The Big 12’s pending media rights extension with ESPN is being patterned after the Pac-12’s TV rights deal, sources told SportsBusiness Journal last week.
That’s because the deal, which still is weeks away from being signed, is expected to have ESPN and Fox Sports sharing some broadcast and cable programming rights, like they do in the new agreement with the Pac-12. Currently, ESPN holds the broadcast rights for Big 12 games, and Fox Sports holds the cable rights for football.
The Big 12’s extension with ESPN would take the league’s partnership with the network to 2025. The two contracts combined would run concurrently for 13 more years and pay the conference a total of $2.5 billion. The breakdown works out to roughly $1.3 billion from ESPN and $1.2 billion from Fox.
If the new deal goes through as expected, Fox could pick up the rights to some football games for its broadcast channel, while ESPN could wind up with cable rights that it would use for its channels. One of the ESPN channels that could benefit is Longhorn Network, which thus far has been unable to cut carriage deals with the biggest cable operators and satellite companies in Texas.
A working relationship between ESPN and Fox is far from unprecedented. The two networks joined forces last year to negotiate a record $3 billion, 12-year deal with the Pac-12, which made them joint rights holders for the first time.
“It’s beyond two major networks. It’s really two major media companies with lots of networks and lots of platforms and a vast array of marketing assets,” said Chris Bevilacqua, the media consultant for the Pac-12 who engineered that conference’s joint deal with ESPN and Fox. “It’s terrific if you’re the property rights holder. Both networks have proved to be great producers, distributors and marketers, and they have significant investments in college sports. Between the two of them, it’s good for the overall industry to have all the assets of two of the biggest media companies in the world investing into your product.”
The pending deal also keeps competitor NBC Sports from gaining a foothold in the college sports marketplace. When they completed their Pac-12 deal, ESPN and Fox Sports executives were open about their willingness to partner in order to keep NBC Sports from getting the conference’s games.
If the Big 12 deal is signed, it will have the same effect.
The Big 12’s current contract with ESPN has four years left on it, but both sides didn’t want to wait it out. The conference, which has endured the upheaval of four schools leaving and two new schools joining in the last two years, looks forward to securing its financial future after it appeared that the conference might crumble. Nebraska left for the Big Ten and Colorado joined the Pac-12 last year, and this year Texas A&M and Missouri are heading to the SEC, moves which left the conference on the verge of folding.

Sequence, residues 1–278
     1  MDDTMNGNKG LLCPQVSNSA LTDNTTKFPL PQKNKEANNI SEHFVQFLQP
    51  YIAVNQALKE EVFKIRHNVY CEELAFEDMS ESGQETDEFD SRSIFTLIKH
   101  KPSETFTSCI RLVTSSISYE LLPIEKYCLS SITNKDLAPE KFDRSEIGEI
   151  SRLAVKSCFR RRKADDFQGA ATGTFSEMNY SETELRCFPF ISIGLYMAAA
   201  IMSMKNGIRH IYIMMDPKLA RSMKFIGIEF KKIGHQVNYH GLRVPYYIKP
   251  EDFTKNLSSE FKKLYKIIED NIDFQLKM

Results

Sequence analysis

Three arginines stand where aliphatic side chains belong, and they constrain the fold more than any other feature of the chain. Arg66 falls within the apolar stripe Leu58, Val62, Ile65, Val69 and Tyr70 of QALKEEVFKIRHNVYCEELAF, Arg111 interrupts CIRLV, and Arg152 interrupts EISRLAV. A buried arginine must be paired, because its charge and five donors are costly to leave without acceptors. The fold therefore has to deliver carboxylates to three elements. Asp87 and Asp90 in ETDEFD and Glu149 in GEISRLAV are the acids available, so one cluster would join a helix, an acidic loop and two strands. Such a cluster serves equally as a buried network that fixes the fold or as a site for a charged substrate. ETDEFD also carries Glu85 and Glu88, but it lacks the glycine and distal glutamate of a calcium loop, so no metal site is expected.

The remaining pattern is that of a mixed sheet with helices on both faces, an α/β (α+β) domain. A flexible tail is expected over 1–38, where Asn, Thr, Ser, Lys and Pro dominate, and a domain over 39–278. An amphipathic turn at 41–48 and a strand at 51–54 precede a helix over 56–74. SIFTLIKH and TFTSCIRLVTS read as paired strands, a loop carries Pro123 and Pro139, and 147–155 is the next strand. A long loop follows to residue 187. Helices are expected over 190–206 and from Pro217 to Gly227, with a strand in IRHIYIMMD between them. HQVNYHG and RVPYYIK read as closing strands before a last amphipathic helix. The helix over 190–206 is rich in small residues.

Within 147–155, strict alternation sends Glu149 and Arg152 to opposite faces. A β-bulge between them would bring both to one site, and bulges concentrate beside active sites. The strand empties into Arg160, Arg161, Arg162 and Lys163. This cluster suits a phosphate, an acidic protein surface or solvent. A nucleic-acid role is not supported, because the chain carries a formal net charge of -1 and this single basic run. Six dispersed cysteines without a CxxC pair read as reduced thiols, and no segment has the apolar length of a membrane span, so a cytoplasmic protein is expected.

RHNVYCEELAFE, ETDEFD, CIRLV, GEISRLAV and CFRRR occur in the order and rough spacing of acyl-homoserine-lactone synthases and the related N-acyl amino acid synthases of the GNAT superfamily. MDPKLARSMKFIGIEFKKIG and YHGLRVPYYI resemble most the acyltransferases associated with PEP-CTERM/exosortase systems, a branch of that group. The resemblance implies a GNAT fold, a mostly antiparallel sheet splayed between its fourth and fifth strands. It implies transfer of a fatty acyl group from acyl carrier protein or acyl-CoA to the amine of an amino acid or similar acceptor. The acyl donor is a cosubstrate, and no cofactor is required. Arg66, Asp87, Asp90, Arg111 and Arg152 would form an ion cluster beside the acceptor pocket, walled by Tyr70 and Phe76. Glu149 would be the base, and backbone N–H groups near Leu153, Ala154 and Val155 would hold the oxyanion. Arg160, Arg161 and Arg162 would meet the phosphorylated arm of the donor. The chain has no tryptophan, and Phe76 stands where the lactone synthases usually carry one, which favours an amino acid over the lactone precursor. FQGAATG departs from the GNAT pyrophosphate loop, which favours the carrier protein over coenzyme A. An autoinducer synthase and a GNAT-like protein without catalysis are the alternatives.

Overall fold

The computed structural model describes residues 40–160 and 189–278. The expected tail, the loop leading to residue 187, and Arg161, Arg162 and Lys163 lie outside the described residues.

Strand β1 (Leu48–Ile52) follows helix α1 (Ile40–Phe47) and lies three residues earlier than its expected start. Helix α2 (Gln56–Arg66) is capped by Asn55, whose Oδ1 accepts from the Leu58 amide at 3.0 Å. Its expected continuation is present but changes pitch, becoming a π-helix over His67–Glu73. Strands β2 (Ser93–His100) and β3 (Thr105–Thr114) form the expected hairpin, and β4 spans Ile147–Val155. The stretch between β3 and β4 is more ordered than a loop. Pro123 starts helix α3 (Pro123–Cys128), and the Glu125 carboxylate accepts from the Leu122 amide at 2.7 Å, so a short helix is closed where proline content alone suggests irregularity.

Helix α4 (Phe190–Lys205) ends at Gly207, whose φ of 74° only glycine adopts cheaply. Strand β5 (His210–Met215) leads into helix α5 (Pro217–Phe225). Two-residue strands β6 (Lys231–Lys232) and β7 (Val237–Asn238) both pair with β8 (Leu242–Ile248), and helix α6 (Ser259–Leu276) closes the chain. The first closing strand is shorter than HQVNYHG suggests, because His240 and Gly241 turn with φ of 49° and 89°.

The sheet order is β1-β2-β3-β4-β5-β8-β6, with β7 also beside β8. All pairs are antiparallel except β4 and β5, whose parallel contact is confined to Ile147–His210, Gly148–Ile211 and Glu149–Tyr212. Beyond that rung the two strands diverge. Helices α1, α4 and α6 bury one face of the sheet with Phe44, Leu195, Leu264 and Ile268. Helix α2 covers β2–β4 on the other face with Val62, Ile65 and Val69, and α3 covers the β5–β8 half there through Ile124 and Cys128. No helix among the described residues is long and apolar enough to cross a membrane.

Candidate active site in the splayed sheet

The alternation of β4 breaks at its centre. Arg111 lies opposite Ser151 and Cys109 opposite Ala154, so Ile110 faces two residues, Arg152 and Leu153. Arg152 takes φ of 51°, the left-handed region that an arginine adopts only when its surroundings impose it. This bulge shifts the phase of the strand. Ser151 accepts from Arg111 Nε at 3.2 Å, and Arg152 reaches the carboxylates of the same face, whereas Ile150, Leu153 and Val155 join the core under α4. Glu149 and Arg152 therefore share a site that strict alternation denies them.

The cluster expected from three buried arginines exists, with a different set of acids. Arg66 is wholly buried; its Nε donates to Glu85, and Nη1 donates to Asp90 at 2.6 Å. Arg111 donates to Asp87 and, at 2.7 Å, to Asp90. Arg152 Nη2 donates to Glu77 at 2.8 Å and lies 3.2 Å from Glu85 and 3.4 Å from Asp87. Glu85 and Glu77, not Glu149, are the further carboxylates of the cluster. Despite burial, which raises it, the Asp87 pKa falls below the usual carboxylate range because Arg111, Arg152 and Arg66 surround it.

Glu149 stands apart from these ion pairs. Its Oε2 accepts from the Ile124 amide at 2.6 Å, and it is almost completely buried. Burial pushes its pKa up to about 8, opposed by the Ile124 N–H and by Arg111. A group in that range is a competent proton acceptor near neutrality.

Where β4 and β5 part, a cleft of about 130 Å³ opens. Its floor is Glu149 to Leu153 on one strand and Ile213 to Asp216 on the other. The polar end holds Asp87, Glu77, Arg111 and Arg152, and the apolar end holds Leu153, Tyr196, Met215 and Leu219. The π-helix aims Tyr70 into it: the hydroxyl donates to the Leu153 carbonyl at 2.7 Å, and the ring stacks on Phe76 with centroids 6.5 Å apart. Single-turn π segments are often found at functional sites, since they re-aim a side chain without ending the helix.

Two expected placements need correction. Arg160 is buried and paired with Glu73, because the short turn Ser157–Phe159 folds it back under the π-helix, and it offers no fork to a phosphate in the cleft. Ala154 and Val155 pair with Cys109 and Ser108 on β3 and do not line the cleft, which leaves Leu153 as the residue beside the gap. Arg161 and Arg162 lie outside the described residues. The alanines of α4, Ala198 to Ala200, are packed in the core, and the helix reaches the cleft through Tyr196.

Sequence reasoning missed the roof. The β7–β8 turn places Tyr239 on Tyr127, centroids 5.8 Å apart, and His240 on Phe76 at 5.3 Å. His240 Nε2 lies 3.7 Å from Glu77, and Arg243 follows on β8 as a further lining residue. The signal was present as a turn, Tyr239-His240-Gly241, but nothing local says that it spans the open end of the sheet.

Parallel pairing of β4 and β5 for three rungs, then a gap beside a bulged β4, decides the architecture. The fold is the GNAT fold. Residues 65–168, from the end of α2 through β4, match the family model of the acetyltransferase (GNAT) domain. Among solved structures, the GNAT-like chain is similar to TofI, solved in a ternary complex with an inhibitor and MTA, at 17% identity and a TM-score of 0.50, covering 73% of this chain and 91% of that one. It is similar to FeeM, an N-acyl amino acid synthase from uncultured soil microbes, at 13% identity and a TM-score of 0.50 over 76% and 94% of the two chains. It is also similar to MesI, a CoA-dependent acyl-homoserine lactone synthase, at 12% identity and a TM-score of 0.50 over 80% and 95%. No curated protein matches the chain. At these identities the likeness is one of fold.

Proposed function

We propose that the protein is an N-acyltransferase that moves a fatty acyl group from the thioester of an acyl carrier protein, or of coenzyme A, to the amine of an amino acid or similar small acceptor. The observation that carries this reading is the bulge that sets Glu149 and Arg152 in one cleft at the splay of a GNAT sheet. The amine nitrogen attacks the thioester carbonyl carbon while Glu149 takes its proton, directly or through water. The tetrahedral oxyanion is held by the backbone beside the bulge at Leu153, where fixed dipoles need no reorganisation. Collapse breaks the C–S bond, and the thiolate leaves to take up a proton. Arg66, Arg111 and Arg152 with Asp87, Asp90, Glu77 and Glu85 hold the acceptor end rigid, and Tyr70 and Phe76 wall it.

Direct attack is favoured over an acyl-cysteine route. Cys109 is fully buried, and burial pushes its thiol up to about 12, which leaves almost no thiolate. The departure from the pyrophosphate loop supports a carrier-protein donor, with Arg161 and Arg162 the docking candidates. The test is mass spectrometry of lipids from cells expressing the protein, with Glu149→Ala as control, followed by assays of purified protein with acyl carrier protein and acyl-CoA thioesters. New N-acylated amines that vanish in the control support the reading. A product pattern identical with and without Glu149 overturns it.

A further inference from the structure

Instead, the Big 12 added Texas Christian and West Virginia to hold steady at 10 teams.
How a new media contract would affect the conference’s willingness to expand remains to be seen, but industry analysts said the Big 12 would be less likely to add more teams now that it has its primary revenue stream secured for the next 13 years.
The conference stands to make $2.5 billion over the next 13 years combined from both networks, which averages $192.3 million a year, or $19.23 million annually per school. That puts the Big 12 in the same range with the Pac-12 and the Big Ten, both of which make close to $21 million a year for their schools through media deals.
The Pac-12 money is about to jump when its conference networks come online later this year.
Big 12 schools also have the potential to generate additional revenue because each one keeps the rights to at least one football game and multiple basketball games that they can monetize. For Texas, those games go on Longhorn Network, while other schools broadcast them online or on TV through syndication or pay-per-view.
The SEC’s current deal with ESPN annually pays its schools about $17 million each, while the ACC is at $13 million per school, but both conferences are in the midst of negotiating raises to account for expansion. The ACC is adding Syracuse and Pittsburgh.
Extending the Big 12’s deal not only secures the conference’s financial future, it should make its schools think twice before jumping to other leagues. The deal also would lock ESPN into a long-term partnership with the league and prevent the Big 12 from taking its rights to the open market, two aspects to the deal that carry significant value, industry sources say.
Others, however, have wondered why the conference would rush into a deal now. Chuck Neinas, the Big 12’s interim commissioner, is expected to be in office for three more months until a permanent replacement is hired, which has prompted industry experts to wonder why the conference would move forward in its talks with ESPN instead of waiting until a permanent commissioner is hired. Big 12 officials would not comment.
Doing its extension with ESPN now also might rob the conference of some important negotiating power. ESPN’s contract talks with the SEC and ACC could reset the market again if those numbers jump and meet or surpass Pac-12 money.
On the other hand, the Big 12 can rest somewhat easier knowing that it has gone from the verge of extinction to solid footing for the next 13 years.
The college marketplace promises to be busy this year. In addition to the talks between ESPN and the SEC and ACC, the Big East will be in the market for a new contract as well. The Mountain West and Conference USA also are in the process of determining how they could merge their two leagues, and that too could present the opportunity to renegotiate their media contracts.
Read more at Sports Business Daily where this story was originally published.